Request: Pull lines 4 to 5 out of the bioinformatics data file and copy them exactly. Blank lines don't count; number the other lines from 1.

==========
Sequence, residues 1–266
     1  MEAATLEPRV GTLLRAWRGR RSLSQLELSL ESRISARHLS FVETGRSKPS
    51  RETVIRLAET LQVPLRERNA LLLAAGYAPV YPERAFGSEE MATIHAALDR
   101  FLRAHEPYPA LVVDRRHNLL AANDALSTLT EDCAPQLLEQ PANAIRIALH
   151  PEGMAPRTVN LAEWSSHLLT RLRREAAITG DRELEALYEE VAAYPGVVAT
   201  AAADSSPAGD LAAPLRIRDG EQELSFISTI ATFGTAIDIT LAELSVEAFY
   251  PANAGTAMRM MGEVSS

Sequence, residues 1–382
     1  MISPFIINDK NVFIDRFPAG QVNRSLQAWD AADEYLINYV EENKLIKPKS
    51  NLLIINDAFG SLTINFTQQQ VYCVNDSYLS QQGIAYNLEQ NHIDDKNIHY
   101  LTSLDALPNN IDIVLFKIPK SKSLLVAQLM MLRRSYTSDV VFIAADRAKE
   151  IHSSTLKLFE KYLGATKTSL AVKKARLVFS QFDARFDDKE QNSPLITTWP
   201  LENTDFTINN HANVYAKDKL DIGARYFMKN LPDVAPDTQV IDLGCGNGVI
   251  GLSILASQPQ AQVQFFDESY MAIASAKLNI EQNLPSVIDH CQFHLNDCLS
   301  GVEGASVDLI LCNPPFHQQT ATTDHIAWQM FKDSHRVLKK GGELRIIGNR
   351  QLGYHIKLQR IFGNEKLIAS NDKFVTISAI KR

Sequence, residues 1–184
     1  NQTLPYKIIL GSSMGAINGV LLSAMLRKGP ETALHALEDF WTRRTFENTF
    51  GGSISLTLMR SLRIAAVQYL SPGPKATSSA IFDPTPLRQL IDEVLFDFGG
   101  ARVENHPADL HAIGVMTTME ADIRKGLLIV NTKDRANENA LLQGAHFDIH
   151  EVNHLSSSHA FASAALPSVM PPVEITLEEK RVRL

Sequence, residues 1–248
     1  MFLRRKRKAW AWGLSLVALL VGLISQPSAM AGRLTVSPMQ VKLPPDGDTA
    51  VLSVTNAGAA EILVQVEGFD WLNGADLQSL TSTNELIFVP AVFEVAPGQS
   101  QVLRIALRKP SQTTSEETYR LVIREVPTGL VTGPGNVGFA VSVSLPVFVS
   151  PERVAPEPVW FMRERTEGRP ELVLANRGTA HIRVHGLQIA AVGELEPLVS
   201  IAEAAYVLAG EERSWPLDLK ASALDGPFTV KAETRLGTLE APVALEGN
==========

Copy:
   101  FLRAHEPYPA LVVDRRHNLL AANDALSTLT EDCAPQLLEQ PANAIRIALH
   151  PEGMAPRTVN LAEWSSHLLT RLRREAAITG DRELEALYEE VAAYPGVVAT